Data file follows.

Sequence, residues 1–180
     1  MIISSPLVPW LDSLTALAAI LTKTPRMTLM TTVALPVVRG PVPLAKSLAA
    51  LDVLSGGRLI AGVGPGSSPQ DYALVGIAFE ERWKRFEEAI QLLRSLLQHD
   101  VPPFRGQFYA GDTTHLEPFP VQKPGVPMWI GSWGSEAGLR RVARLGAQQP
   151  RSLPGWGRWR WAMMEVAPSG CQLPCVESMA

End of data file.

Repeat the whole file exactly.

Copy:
Sequence, residues 1–180
     1  MIISSPLVPW LDSLTALAAI LTKTPRMTLM TTVALPVVRG PVPLAKSLAA
    51  LDVLSGGRLI AGVGPGSSPQ DYALVGIAFE ERWKRFEEAI QLLRSLLQHD
   101  VPPFRGQFYA GDTTHLEPFP VQKPGVPMWI GSWGSEAGLR RVARLGAQQP
   151  RSLPGWGRWR WAMMEVAPSG CQLPCVESMA